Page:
No happier state of being know? And shall no future sorrow shed,

On thee a beam of brigbter glow?
Is this the bound of Power Disine,

To animate an insect frame?
Or shall not he who monlded thine,

Wake at his will the vital flame ?
Go, mortal! in thy reptile state,

Enough to know to thee is given; Go, and the joyful truth relate, Frail child of earth, bright heir of heaven!


'Tis spring tbat now visits the plain,

The east brightens wide with the dawn; See Flora, the head of her train,

In the midst of the dance on the lawn. All hail, thou fair emblem of love!

That has in the superlative state, Clad in green the umbrageous grove,

And with gladness the earth doth elate. The shepherds their flocks now release

At the rise of the lark from her nest; They browse the bigh steep in calm peace,

For envy's unknown to their breast. The lambs sport around the green mead,

To Pallas's soft flowing strains; And Pan, with his musical reed,

Of spring the existence proclaims. Aurora breaks forth from the skies,

In splendour amazingly bright; The cock bids the peasants arise,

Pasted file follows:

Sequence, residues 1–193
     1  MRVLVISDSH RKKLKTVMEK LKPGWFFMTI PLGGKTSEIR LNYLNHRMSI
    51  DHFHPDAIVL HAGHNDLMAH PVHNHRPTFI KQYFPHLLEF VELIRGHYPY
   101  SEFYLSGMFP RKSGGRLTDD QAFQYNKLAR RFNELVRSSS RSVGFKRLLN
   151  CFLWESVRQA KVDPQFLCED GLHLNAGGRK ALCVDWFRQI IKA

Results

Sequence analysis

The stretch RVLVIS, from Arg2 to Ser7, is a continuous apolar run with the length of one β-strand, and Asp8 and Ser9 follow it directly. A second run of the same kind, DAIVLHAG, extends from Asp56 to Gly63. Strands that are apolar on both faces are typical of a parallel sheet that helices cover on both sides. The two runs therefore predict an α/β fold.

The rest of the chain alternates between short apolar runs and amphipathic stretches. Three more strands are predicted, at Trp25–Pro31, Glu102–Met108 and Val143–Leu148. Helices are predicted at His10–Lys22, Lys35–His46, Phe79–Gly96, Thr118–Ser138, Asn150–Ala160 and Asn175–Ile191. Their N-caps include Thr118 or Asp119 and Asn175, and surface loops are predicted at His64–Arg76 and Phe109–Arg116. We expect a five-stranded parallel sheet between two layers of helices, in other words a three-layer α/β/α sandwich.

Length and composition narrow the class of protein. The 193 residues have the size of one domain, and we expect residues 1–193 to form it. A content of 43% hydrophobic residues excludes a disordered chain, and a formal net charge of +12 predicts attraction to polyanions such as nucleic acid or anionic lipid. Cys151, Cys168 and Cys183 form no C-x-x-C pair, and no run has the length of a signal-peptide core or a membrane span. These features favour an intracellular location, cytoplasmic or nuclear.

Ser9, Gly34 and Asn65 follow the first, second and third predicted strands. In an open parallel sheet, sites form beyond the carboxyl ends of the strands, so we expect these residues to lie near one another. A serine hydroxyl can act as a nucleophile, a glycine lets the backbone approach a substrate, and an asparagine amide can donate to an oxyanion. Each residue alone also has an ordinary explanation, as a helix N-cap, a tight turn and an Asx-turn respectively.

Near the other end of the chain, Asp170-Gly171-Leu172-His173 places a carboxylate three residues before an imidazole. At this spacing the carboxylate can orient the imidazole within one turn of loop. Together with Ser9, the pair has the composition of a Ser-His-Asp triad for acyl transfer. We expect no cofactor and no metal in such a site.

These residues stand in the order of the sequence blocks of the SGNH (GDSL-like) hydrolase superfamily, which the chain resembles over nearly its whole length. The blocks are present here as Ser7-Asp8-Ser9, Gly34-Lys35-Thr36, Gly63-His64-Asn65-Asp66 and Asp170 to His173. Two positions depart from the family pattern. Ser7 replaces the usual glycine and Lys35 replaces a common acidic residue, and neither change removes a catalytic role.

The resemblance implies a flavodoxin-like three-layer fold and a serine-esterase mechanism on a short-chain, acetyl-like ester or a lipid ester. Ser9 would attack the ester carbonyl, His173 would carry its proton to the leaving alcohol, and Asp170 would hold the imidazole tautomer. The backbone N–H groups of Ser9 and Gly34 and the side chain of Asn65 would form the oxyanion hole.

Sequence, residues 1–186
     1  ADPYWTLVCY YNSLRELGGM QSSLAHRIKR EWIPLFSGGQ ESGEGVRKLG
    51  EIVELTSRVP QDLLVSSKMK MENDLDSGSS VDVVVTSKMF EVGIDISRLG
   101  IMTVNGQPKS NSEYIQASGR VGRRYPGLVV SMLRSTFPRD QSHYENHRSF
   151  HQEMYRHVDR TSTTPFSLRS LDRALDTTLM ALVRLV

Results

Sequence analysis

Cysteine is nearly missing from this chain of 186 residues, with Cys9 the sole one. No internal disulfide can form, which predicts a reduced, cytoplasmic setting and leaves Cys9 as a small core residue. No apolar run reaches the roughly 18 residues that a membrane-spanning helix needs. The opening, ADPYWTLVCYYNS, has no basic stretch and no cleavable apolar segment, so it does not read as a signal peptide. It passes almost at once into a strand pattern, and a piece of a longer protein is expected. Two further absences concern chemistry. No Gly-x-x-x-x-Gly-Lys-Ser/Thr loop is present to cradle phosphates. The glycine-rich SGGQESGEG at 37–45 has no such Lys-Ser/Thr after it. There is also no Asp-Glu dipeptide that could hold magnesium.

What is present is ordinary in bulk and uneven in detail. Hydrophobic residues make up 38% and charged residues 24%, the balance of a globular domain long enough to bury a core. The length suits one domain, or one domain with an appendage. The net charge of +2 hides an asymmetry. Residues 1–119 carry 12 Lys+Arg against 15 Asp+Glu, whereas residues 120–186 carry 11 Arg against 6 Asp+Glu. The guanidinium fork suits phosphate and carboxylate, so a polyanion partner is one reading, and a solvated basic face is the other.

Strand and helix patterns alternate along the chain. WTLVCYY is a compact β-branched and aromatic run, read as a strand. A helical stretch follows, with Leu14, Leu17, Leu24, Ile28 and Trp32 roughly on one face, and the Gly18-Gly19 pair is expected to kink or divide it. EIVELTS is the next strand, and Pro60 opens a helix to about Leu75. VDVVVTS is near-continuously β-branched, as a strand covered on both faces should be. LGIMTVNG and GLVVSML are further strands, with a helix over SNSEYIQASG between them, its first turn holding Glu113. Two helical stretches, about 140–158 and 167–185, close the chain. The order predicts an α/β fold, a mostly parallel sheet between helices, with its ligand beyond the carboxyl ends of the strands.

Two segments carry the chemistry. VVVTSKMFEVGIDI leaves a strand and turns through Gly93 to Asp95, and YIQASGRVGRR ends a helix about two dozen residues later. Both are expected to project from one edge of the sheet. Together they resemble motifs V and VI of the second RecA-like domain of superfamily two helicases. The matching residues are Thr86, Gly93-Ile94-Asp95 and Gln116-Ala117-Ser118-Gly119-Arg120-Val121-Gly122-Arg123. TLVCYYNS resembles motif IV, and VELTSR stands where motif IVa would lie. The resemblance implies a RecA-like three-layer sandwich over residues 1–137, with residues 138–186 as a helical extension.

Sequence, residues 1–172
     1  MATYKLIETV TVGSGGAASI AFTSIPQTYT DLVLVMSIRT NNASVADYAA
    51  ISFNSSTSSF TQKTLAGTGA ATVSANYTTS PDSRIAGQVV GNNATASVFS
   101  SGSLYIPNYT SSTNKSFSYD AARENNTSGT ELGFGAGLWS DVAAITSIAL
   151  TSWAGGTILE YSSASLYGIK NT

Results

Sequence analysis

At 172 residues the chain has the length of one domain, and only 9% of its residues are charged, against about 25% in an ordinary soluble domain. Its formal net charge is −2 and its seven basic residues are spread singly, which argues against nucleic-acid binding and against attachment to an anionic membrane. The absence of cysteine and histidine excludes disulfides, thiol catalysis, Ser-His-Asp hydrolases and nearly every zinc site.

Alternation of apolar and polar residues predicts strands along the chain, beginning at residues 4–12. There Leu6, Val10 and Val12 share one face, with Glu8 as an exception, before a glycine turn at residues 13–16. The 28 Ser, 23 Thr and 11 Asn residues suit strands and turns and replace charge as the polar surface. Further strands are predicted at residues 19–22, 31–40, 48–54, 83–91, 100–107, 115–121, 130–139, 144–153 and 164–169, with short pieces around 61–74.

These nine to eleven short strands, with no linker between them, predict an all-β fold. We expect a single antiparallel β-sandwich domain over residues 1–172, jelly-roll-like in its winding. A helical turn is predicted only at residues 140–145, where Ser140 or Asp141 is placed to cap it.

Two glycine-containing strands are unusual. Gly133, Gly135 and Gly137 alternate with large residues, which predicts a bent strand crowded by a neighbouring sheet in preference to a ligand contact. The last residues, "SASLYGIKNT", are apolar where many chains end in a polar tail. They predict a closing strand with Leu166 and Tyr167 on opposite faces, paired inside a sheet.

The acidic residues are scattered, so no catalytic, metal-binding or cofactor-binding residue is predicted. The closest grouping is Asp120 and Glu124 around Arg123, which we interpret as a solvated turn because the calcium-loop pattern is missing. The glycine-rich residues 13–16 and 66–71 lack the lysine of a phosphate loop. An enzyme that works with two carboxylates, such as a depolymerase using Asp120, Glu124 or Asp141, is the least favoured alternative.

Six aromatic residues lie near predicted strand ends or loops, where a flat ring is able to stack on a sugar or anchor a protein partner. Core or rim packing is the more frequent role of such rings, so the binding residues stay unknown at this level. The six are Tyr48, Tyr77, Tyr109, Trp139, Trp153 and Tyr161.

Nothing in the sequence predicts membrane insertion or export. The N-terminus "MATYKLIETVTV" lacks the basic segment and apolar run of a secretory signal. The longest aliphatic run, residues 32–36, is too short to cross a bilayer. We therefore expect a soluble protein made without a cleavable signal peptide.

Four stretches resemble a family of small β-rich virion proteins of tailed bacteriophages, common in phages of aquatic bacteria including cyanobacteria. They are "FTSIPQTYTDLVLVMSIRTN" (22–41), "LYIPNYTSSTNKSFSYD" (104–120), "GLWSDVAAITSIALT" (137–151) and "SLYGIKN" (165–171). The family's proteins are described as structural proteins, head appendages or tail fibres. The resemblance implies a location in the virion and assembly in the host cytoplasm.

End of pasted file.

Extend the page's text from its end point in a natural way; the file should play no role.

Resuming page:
And to labour the rastics invite: The lark from her pillow ascends,

Serenades the renewal of light;
To be sky she high towering bends,

And is enveloped now from sight.
The thrush hails the morning's first beam,

Swells her throat with the music of love;
And the notes of the birds near the stream,

Resounds from the dell through the grove. All the feather'd musicians of spring,

The delights of the morning enjoy; May they to maturity bring,

And no evil their broodlings annoy. New beauties emerge from the lands,

The profusions of Flora behold! How the tulip her colour's expands,

And lily of wbite and of gold. The primrose adoros the gay mead,

And the violet appears in the dale; O'er the pasture the cowslips are spread,

To lavish their sweets on the gale. The rose, royal queen of perfume,

Its beauteous vermilion displays; And the suckle and lilac in bloom,

Deserve a just tribute of praise. Tbe bless'd renovation enjoy

In the sylvan secluded retreat; For grandeur your peace


annoyContent's not in luxury's seat. But, hark! at the sound of the bells

From the hamlet that stands near the grove; 'Tis there the young Clerimont dwells,

Who's just wedded to Delia his love.
Ye shepherds your garlands prepare;

Convene all your musical powers;
Ye belles to the hamlet declare,
That mirth the most jovial is ours.



SPRING,--A PASTORAL POEM. Stern winter no longer prevails,

With its raging ferocity wild; The snow fills no longer the vales,

But the scene is all placid and mild; The wiuds all their fury assuage,

The tempest's loud blast is no more, No longer shall youth and old age

The raging of winter deplore.